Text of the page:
An officer and a gentleman bids farewell: Lieutenant General Shailesh Tinaikar, UNMISS Force Commander

unmiss south sudan force commander india Lieutenant-General Shailesh Tinaikar outgoing departing retiring gender parity merits and flaws

Even a Force Commander is keen on receiving (another) UN peacekeeping medal. Outgoing Lieutenant-General Shailesh Tinaikar is no exception. Photos: Isaac Billy and Gregorio Cunha/UNMISS

21 Jan 2022

An officer and a gentleman bids farewell: Lieutenant General Shailesh Tinaikar, UNMISS Force Commander

Priyanka Chowdhury

“My earliest memory is of standing in front of a mirror and saluting myself,” says Lieutenant-General Shailesh Tinaikar with a smile.

At first glance, the Force Commander of the world’s largest peace operation, UNMISS, appears to be soft-spoken but his eyes give away the intensity of his personality. That’s the same intensity that led his younger self to join India’s armed forces against the wishes of his family.

“I hail from Mumbai, the maximum city, which isn’t known for sending people into the army, and my father was part of the elite Indian Administrative Services,” he reminisces. “All my friends, my peers were gearing up to become engineers or start a business and I was the only person who opted to join the armed forces. They really didn’t stand a chance because I just couldn’t see myself as an accountant or a businessman counting numbers. All I wanted was to become an officer.”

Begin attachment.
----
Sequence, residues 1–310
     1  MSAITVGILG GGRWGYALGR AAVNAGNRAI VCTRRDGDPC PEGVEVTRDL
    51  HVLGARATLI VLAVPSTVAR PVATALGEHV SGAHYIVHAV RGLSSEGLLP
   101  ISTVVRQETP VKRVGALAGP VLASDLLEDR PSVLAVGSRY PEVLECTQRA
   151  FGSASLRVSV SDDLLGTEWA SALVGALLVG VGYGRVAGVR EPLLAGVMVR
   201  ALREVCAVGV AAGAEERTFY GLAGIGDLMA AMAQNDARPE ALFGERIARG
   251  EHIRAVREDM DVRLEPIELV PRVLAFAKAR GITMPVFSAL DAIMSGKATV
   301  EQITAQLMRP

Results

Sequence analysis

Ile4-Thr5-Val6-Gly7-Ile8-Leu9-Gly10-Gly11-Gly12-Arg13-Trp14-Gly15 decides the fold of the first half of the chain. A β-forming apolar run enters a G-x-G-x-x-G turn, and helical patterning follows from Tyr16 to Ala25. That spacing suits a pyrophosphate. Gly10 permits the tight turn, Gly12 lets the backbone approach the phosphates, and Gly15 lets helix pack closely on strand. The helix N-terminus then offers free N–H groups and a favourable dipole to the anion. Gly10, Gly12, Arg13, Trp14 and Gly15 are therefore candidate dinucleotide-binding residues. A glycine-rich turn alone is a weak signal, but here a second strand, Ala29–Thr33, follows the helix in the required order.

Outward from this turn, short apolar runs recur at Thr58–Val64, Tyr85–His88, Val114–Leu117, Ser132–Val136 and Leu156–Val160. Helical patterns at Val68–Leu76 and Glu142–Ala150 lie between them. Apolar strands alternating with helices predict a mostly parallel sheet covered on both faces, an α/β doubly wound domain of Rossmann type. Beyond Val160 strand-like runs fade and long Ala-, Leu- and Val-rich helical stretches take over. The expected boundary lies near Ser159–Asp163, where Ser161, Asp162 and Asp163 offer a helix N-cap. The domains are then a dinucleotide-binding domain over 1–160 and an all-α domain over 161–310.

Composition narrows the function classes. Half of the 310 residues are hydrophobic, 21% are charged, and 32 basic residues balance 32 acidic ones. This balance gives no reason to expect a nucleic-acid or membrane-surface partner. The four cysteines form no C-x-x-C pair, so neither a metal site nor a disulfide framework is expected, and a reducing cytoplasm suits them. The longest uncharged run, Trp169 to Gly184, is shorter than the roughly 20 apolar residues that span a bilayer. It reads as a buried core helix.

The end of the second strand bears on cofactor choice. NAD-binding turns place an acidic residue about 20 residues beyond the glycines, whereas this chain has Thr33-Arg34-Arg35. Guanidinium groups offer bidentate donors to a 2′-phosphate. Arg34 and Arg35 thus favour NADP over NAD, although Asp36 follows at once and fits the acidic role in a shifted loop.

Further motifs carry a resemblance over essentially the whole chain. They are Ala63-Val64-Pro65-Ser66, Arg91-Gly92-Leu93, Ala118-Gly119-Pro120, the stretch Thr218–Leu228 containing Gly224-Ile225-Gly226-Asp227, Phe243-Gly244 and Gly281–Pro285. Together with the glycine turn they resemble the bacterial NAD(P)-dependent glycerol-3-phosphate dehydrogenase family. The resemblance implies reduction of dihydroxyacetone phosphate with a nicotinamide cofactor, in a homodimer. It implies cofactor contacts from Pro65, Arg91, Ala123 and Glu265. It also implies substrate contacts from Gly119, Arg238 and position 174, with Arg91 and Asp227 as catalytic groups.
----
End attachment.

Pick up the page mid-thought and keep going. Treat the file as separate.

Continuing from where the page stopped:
This extraordinary focus is a characteristic that would define his four years of training. He soon joined the elite Special Forces branch. “I became a paratrooper, a special service leader, specializing in desert warfare to start with and went on to command my battalion as a Colonel and, subsequently, as a Brigadier in the north eastern part of India and then as a Major General in the northern part of India.”

This rising star’s accomplishments led him to serve with the United Nations on two prior occasions, in Angola and Khartoum, before the formation of South Sudan.

Is there a contradiction between being the last line of defense for a country and serving for peace in a foreign land? Force Commander Tinaikar doesn’t think so. “Both are equal in terms of responsibility. When you’re serving the country, the nation expects you to defend the border, and when you’re serving as a peacekeeper the international community is observing you very closely and expects a separate form of protection—not protection of land borders but protection of human beings.”